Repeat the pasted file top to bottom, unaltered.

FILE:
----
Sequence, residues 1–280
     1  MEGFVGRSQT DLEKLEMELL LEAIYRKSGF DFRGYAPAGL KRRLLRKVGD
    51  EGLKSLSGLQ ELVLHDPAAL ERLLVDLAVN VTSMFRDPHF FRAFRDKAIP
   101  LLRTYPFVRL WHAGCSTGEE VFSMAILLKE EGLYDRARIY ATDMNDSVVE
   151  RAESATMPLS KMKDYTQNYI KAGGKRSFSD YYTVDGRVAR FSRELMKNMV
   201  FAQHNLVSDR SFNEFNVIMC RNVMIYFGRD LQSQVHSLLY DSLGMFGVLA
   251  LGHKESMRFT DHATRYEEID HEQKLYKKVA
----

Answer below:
Sequence, residues 1–280
     1  MEGFVGRSQT DLEKLEMELL LEAIYRKSGF DFRGYAPAGL KRRLLRKVGD
    51  EGLKSLSGLQ ELVLHDPAAL ERLLVDLAVN VTSMFRDPHF FRAFRDKAIP
   101  LLRTYPFVRL WHAGCSTGEE VFSMAILLKE EGLYDRARIY ATDMNDSVVE
   151  RAESATMPLS KMKDYTQNYI KAGGKRSFSD YYTVDGRVAR FSRELMKNMV
   201  FAQHNLVSDR SFNEFNVIMC RNVMIYFGRD LQSQVHSLLY DSLGMFGVLA
   251  LGHKESMRFT DHATRYEEID HEQKLYKKVA